Port collaborative paying dividends
ROGERS CITY – Port Calcite has helped one Northeast Michigan business gain a competitive advantage, and could do the same for others in the future.
The deepwater port is the home of the Port Calcite Collaborative, an effort to make an area used by Moran Iron Works to load steel fabrications onto barges available to the public, Port Manager Gerald Ganske said. Moran has a long-term lease on its part of the docks and the land around it with Carmeuse Lime and Stone, owner and operator of the adjacent Calcite quarry. A few other outside companies have used the port, and Ganske is hoping even more will do so.
“The idea behind the whole thing is, along with (Moran’s) core philosophy, really all about creating jobs and careers in Northeast Michigan,” he said. “We see that any business development that would result as a consequence of the Port Calcite Collaborative, that can only increase employment in Northeast Michigan.”
One company sought the use of the port’s 440-ton crane to lift a reel of underwater cable onto a barge, Ganske said. The reels tend to hold around 80 tons of cable, and are 20 to 30 feet long by 12 to 14 feet wide. Some shipping companies have had large engine components loaded onto or unloaded from freighters as well.
There are other opportunities in the works, Ganske said, although he indicated they are “very confidential.” He and others involved with the port have put forth time and effort in the last year and a half to pursue new opportunities for Moran. Overall, business interest in the region is up thanks to the port.
One possibility would be to use the port for grain shipping, Ganske said. Agricultural products are a major commodity in Great Lakes shipping, and port employees have been approached with the idea. Ganske added there are no concrete plans at this point.
“There are a couple of Michigan-based port associations that have approached us to talk to us,” he said. “When that initially started happening, they were always talking about agricultural products.”
The collaborative and Moran have made improvements to the port infrastructure, with the biggest and most visible being the crane, Ganske said. Its enormous lifting capacity is a major asset. Other improvements include demolishing an old building, improving electrical services, leveling the ground and improving the sea walls.
Shipping out of Port Calcite is nothing new. The quarry has shipped by boat for much of its 100-year history, and still does. MIW has been loading large steel fabrications on barges there for around 15 years, MIW owner and founder Tom Moran said. The company trucks these steel assemblies by truck via a high-wire corridor on M-68.
“Initially, the high-wire corridor was a link to the port,” he said. “Port Calcite Collaborative now is a link to everywhere in the world. It’s also a link for other businesses and industries to tap into that worldwide market.”
The port has made a major difference for Moran’s business, including giving it a competitive advantage over other steel fabricators, he said. It’s allowed the company to increase its volume and make modular assemblies too large to truck. If Moran were restricted to shipping by truck, it would be jostling with hundreds of other shops for business.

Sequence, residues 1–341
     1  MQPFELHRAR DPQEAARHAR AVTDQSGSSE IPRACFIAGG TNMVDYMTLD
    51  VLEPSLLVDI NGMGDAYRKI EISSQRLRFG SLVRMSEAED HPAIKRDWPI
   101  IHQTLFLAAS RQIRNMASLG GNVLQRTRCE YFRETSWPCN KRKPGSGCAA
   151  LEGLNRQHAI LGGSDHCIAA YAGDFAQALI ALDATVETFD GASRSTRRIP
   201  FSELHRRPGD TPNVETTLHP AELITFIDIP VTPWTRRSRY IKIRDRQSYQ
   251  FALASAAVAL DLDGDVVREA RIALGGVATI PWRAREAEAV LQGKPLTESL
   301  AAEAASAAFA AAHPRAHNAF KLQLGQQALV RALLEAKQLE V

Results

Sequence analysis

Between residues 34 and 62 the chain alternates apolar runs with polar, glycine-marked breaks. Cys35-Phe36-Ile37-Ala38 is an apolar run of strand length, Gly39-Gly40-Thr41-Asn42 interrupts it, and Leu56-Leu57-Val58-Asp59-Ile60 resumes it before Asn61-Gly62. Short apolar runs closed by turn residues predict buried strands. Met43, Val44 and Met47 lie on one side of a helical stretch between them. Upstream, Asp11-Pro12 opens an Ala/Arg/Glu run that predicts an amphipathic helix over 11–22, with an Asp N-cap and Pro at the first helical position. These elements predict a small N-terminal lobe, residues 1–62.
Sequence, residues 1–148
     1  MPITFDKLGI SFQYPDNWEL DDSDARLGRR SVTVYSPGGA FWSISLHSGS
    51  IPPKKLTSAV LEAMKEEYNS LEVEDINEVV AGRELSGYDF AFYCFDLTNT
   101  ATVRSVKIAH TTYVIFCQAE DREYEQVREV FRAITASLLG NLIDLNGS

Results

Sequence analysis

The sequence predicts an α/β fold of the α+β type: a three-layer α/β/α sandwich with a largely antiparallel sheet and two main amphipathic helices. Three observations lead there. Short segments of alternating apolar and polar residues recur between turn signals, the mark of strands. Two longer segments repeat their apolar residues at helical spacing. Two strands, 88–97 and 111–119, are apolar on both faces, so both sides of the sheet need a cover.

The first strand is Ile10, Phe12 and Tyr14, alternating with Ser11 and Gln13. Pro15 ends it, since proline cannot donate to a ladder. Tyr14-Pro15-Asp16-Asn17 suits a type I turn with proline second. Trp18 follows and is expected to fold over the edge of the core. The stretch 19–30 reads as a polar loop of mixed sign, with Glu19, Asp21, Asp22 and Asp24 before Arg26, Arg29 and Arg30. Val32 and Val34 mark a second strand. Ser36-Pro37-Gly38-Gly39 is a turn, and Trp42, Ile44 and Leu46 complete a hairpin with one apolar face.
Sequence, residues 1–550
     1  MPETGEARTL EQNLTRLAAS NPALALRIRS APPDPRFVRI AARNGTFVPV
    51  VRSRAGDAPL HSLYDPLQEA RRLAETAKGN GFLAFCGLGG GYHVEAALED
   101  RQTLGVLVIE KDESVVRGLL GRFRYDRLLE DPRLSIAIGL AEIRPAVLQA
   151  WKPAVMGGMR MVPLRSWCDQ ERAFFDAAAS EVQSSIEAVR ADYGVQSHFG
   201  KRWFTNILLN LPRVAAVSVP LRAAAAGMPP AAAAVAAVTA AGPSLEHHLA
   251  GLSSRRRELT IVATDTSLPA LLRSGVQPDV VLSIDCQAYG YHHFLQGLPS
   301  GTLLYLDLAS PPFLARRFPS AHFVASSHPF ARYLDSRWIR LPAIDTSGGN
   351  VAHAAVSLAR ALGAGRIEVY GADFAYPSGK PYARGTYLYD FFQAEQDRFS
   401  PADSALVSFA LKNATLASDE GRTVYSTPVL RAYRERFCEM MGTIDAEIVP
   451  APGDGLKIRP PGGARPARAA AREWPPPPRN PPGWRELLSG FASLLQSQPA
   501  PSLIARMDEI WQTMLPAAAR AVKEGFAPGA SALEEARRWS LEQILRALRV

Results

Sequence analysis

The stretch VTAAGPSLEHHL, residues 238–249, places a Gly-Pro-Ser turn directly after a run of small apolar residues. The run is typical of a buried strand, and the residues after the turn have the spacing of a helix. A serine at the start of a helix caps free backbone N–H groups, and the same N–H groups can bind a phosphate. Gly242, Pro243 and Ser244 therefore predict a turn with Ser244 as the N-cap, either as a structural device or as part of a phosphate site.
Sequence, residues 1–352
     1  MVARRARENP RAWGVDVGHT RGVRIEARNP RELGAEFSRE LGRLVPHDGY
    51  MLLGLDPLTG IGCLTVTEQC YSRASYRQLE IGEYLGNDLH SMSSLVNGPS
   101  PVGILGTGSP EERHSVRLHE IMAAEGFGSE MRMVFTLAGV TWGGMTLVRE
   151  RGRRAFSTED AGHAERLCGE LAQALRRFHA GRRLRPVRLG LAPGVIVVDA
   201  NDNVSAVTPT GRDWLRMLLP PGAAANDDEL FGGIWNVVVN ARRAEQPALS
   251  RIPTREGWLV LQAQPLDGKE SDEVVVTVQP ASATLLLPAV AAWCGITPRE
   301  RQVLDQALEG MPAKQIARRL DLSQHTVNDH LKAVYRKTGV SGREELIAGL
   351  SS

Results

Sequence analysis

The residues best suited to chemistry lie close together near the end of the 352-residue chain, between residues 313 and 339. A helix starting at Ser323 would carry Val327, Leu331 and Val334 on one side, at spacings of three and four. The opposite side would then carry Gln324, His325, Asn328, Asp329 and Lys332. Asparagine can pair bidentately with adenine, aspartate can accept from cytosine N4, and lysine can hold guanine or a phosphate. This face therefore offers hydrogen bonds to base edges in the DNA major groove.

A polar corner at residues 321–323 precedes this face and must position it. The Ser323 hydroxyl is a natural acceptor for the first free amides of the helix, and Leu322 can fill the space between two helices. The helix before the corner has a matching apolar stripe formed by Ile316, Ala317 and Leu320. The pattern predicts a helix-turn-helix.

“Anything that’s large, heavy and one-of-a-kind, we have no problem competing in our marketplace,” he said.
And there’s no sign of slowing down: Moran already has 80 percent of the world’s largest greenhouse gas reduction project at the port and ready for delivery in 2014, he said. The barging schedule is already almost full for the year, and his employees are completing a mercury reduction project at Moran headquarters in Onaway as well.
Improvements at the port are likely to continue, including possibly adding floating and permanent dry docks and a fabrication finishing facility, Moran said. Any changes likely will be done incrementally, as improvements can cost hundreds of thousands of dollars at a time, if not more.
Moran also would like to see more northern Michigan businesses use the port, and Presque Isle County Development Commission and Economic Development Corporation board Chairman Tom Sobeck said the two organizations would like to help promote it. The county EDC was involved with the collaborative in trying to secure a state grant to purchase the crane.
“Unfortunately, the pace of securing the proper grants and documentation through a governmental unit took longer than anyone would’ve cared for it to, which meant, unfortunately, that Mr. Moran had to proceed through other avenues,” he said.
The economic development corporation is looking to fill its director position, Sobeck said. He’s hoping to do so with approval from county commissioners in around a month, but until then the county EDC and CDC have been in something of a static mode.
Sobeck agreed the port has a potential to have “far-reaching, positive impacts,” adding only time will tell just what developments come forth.
“Obviously, Mr. Moran’s efforts are noteworthy in and of themselves, and the accomplishments he’s managed to get through that collaborative over the past year,” he said. “If nothing else, that’s positive.”